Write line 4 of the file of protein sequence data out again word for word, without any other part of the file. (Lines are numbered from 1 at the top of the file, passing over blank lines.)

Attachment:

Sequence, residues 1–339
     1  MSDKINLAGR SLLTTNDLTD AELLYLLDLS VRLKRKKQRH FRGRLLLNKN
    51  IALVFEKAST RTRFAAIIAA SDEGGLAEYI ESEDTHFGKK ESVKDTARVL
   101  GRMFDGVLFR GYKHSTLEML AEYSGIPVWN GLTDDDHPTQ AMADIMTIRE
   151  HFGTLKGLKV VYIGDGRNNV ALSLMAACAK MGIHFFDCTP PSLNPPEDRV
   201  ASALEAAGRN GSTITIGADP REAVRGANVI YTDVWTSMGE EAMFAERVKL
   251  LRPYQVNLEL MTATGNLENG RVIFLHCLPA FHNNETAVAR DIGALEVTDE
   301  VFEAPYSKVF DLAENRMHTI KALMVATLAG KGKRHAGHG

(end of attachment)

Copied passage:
   101  GRMFDGVLFR GYKHSTLEML AEYSGIPVWN GLTDDDHPTQ AMADIMTIRE